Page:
Pitching up to the old section

    With the job completed and first few snowflakes of the year proving that winter was fast approaching it was time to head down off the fell and commence our winter work lower down in the valleys.
  • Gowbarrow helicopter lift and a return to Hole in the Wall

    10:15 22 August 2019
    By Ade Mills, Pete Entwistle, Leo Walmsley

    After all our work bagging the rock and aggregate for the footpath repairs on Gowbarrow, it was time to get everything flown over to site.

     Looking down on Ullswater from the helicopter

    A quick flight over gave us the opportunity to look down on some of the previous repair work. The path line is through some really boggy areas and was getting rapidly wider as people tried to avoid the worst areas. After the addition of aggregate and some stone drains, the path has narrowed considerably and the erosion has been completely stopped. The vegetation is now slowly returning to areas that had once just been bare peat.

     Gowbarrow summit from the air

    The lower sections on the Dockray side of the path are being repaired using the aggregate and we're using the rock on the steeper section of the path, which had previously been pitched. This section of the path is also going to be re-aligned to avoid a section of bedrock that's proving awkward for some people to walk on.

    Flying in aggregate to Gowbarrow

    Either side of the helicopter lifts, we've been working on the footpath near Hole in the Wall. We're continuing the upper section of footpath that we originally started in 2017.

     Start of this years work before landscaping

    Although considerably wider than the usual footpaths that we build, due to the number of walkers using it, the new path is still much narrower than the eroded path was and is more contained.

     Start of this years work after landscaping

    As usual, we're removing any turf before it's covered with spoil and then using it to line the stone path. Re-turfing like this tends to work really well. Where we've worked on the path lower down, areas of Heather have already began growing in the turf as well as other species of flower such as Bedstraws, Eyebrights and Tormentil.

     Middle section completed

    We still liberally apply grass seed, but it tends to struggle to germinate at these higher elevations. However, the low levels of grazing up here means that grass is more likely to grow longer, flower and set-seed. So hopefully over time the area will self-seed itself, although we'll still give it a helping hand with the addition of extra grass seed if needed.

    Upper section completed
  • Finishing at Boredale and preparing for helicopter lifts

    06:38 08 July 2019
    By Ade Mills, Pete Entwistle, Leo Walmsley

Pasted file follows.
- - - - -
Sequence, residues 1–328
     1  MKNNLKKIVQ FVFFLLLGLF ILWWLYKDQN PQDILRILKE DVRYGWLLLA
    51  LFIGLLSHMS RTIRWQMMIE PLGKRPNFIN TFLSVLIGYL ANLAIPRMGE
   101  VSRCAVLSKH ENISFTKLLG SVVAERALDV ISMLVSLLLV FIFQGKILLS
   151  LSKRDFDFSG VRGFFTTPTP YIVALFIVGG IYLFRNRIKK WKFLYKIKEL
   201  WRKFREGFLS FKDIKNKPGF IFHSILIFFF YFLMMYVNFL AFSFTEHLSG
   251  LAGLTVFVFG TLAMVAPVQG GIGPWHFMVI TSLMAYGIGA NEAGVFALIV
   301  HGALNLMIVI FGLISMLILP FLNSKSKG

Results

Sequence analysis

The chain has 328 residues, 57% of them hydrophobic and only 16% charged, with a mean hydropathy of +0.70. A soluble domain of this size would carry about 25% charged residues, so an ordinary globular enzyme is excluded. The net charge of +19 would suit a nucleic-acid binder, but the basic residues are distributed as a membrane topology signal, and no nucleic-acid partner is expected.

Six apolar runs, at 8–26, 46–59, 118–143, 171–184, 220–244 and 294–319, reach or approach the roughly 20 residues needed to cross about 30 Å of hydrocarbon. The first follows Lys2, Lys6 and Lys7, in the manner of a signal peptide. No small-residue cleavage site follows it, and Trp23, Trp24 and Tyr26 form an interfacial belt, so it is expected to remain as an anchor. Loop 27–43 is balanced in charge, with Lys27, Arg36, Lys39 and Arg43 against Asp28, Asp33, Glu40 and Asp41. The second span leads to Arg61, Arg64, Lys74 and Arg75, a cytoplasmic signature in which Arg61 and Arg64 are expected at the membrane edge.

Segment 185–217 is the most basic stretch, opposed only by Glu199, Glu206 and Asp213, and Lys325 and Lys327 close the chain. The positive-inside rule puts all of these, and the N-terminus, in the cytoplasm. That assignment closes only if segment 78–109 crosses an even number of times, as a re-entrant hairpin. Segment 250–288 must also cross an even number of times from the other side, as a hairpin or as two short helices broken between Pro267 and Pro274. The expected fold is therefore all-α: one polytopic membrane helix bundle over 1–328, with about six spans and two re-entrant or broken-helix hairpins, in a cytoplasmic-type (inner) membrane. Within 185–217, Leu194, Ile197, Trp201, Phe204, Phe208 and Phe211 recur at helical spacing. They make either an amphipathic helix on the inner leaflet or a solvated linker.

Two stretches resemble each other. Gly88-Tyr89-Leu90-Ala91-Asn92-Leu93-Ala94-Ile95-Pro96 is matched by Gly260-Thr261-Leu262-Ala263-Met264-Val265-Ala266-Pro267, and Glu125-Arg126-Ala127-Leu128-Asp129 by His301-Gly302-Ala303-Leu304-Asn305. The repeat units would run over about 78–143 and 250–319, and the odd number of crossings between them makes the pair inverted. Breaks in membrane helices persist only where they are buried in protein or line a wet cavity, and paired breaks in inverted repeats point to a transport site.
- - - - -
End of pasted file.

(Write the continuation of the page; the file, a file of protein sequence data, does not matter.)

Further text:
Since our last post much of our time has been spent repairing the footpath up to Boredale Hause.

    Towards the top end of the footpath the path-line follows a natural gully, but this has been much worsened by water and footfall.

     Starting work in the gully

    The gully was steep through the lower section but levelled off as height is gained. There was also a fair amount of buried rock and areas of bedrock that made constructing the path more difficult.

     Path progressing through the gully

    Nearby large boulders were moved and incorporated into the landscaping to help protect the edge of the path and give the work a more natural feel.

     Completed section of path

    Due to the steepness of the bank in the gully a vertical edge was formed next to the path as we built the footpath.

     Top of gully before landscaping

    This edge was graded back into the slope and turf edged before seeding. All the spoil that was generated while creating the footpath was moved and used for landscaping work and also seeded and spot-turfed.

     Top of gully after landscaping

    The last section that we worked on was a short section of path incorporating a stone drain that led up to a section of bedrock.

     Working on the top section

    Once again the spoil generated was used to landscape the path before turfing and seeding.

     Completed top section

    The path gains height and joins seamlessly into a section of bedrock that is incorporated into the footpath.

    Tied into the bedrock

    With the footpath up to Boredale Hause completed we began preparing for the upcoming helicopter lifts.

     Loading the power barrow with pitching stone

    Back in December 2015, during Storm Desmond, a large quantity of stone was washed down Glenridding Beck and had to be removed to prevent more flooding. So early in 2016 we took the opportunity to pick through the rock and store it for future path repairs.

     Bags full of rock ready to be flown